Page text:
Licensing, illegal downloads etc.

Wednesday 12th January, 2005
I was thinking on my drive in today a little about the new Apple iPod Shuffle that Wild Bill introduced me to during an MSN chat last night. Incidentally, Bill was connected from his home on 9600baud dial-up...ouch. I can't even remember last time I used dial-up, but if I did these days it would have to work over my VoIP line. Quite ironic that I now need my broadband connection to use dial-up.

Anyway, thinking of iPods/MP3s etc always gets me thinking about licensing, duplication piracy etc. I'm quite outspoken in that I despise people who pirate movies/games/music as it's nothing short of theft. Would these people go into Woolworths and steal a DVD off the shelf? No...because they might get caught. Something has to change in the world.

Unless people start buying media legally, finance to fund future production is going to be continually tight. Watching software companies like Eidos, famous for big games like Tomb Raider and Worms, plunge into the red only goes to show how difficult the world is for small publishers these days.

It's not like games are expensive, I'd guess most titles probably cost significantly less than £1/hour to go from start to finish. This gets even cheaper if you include the infinite online play that often takes place afterwards. How many pastimes are there which represent better value. Certainly not watching live sports, going to the cinema, driving, drinking etc. So why don't people pay for the media?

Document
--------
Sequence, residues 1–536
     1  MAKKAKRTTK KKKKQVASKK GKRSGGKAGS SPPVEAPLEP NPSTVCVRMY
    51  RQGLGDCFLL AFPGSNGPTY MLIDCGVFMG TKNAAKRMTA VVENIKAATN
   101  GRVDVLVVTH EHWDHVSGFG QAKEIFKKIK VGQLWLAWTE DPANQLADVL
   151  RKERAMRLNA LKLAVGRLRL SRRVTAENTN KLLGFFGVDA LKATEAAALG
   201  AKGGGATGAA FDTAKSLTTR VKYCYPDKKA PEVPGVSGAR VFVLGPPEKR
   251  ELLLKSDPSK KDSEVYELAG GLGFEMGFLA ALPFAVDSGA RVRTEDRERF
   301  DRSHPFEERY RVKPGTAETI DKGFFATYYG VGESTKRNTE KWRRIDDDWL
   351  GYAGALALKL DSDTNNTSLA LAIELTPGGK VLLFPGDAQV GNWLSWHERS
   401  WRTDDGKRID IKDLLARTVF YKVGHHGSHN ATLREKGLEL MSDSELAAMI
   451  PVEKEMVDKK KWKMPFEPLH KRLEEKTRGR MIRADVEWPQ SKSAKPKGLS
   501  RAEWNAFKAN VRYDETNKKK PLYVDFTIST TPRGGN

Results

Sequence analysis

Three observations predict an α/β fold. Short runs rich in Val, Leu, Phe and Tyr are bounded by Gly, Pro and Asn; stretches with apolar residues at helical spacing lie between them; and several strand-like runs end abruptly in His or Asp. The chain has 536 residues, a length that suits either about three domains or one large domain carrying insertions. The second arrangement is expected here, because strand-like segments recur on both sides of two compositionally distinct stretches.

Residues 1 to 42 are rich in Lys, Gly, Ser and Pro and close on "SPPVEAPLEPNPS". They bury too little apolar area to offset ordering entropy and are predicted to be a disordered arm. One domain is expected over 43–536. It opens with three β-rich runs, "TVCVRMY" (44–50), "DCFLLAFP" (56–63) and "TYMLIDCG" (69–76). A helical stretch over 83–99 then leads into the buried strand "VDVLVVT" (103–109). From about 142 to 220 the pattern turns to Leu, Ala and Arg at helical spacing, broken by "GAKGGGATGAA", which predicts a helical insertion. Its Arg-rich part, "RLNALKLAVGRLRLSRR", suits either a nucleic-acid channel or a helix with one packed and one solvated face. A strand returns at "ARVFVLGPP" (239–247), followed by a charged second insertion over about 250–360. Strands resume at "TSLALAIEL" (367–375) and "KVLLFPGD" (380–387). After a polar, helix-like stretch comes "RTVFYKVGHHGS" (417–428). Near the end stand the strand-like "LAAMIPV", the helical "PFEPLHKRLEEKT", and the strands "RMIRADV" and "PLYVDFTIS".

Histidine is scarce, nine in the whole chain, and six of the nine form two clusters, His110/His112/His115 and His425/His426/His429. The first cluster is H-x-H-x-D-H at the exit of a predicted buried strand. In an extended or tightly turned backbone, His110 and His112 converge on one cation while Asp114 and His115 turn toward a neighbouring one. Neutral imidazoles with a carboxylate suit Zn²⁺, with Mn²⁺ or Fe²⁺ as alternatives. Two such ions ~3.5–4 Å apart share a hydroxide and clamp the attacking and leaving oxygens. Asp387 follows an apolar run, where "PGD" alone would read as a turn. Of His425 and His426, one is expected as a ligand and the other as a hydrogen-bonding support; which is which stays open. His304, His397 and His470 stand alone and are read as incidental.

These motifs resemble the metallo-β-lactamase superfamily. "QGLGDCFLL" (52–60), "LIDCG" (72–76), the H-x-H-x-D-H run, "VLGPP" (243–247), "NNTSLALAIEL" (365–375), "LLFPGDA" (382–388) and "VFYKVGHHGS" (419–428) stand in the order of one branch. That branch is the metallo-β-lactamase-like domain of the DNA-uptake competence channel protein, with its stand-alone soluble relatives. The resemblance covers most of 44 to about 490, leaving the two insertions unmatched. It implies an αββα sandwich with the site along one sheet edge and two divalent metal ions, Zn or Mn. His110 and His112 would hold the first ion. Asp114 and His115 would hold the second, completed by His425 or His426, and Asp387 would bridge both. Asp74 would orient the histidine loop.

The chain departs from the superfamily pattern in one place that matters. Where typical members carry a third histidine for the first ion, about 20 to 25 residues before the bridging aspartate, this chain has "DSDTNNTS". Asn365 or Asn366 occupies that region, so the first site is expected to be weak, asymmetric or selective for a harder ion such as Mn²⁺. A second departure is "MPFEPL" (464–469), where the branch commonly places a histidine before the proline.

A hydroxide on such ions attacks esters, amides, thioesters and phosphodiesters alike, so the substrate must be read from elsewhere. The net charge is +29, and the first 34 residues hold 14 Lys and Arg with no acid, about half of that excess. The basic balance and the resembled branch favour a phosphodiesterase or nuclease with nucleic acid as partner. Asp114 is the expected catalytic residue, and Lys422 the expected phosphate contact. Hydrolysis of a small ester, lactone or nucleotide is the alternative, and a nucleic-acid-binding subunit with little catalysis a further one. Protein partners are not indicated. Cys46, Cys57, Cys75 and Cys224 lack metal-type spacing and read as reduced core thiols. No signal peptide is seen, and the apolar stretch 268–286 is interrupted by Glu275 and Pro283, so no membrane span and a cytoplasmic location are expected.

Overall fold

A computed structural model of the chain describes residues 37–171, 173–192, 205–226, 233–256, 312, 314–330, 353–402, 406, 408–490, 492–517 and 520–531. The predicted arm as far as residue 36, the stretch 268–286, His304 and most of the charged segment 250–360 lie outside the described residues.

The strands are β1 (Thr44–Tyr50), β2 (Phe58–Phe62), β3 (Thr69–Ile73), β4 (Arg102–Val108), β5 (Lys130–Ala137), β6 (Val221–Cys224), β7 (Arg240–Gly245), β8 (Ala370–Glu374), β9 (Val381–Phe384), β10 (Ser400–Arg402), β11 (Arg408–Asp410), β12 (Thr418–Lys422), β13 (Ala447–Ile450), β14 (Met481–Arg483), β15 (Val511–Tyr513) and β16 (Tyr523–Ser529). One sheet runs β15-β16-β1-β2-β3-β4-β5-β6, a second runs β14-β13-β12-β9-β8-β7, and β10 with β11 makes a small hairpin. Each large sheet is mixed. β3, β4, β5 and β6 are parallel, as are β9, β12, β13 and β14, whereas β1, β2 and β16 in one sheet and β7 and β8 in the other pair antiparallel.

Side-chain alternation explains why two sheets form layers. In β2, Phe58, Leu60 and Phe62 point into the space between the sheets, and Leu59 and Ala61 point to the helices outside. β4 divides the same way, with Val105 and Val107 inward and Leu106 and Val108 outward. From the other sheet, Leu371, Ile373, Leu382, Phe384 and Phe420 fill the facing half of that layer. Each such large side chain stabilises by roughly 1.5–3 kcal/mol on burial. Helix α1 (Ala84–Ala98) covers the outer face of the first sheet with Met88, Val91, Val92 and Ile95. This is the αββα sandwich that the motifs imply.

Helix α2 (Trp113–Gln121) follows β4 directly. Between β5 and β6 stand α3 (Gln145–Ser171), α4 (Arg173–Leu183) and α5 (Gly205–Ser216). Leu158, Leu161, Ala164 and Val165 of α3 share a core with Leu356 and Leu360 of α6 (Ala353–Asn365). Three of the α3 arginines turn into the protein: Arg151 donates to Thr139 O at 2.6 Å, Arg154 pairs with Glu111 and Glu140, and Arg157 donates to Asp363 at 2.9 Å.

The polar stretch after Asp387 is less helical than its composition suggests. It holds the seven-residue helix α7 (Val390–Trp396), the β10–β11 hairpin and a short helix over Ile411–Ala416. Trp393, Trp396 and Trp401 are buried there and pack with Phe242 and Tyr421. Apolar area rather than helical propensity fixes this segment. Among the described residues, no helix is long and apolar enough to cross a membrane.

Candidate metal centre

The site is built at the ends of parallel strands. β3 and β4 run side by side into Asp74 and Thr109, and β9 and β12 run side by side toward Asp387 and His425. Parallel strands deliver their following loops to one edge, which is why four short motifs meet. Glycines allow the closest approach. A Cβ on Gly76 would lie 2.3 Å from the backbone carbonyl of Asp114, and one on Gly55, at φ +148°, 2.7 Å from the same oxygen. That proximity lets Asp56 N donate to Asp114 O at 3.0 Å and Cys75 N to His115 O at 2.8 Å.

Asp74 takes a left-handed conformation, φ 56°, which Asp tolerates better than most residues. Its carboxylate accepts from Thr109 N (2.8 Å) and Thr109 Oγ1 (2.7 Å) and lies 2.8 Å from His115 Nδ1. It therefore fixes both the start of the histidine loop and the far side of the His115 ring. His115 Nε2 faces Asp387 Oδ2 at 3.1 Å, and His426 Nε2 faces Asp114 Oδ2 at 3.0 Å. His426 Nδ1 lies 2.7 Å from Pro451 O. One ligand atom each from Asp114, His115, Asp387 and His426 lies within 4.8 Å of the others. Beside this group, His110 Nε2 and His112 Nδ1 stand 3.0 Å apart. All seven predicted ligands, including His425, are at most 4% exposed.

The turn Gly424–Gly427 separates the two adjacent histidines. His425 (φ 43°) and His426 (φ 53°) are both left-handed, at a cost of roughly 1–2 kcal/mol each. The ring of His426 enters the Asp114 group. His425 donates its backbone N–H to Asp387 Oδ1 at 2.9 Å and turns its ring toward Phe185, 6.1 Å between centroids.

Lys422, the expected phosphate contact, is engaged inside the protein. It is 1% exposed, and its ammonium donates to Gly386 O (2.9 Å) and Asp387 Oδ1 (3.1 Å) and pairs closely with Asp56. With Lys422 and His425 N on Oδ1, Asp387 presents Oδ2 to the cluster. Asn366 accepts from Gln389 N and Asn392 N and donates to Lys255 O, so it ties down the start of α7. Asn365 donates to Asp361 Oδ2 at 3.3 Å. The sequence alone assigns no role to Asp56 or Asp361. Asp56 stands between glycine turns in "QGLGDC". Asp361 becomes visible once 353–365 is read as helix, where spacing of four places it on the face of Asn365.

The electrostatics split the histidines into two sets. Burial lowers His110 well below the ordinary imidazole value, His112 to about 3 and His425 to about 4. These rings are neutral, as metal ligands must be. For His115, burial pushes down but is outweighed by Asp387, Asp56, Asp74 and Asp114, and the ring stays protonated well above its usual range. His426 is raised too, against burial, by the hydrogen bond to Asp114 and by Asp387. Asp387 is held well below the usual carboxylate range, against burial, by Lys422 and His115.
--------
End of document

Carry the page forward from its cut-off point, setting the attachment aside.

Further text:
Without paying for software/games/movies, people don't get paid..simple as that. Would you expect someone to write the next release of your game if you didn't pay them for the last one? Which leads me on to Open Source. The guys over at sites like OpenNTF work hard to bring you free applications along with bug-fixes and additional features in later releases. It is open source and it is distributed freely, but bear in mind that these guys do have costs in both time and also hosting charges for your downloads. Most of them include a PayPal donate button and I'm sure it would be greatly appreciated if you gave a donation, no matter how small.

To practice what I preach, I will shortly be donating a few quid to Steve Castledine who, unlike me, has the pleasure of knowing that he wrote the template on which he blogs. DominoBlog is a fantastic tool and allows somebody with no web development skills (like me) to easily create presentable web sites in minutes. I dread to think how many manhours he's put into the DXproject free of charge...the guy deserves a reward.

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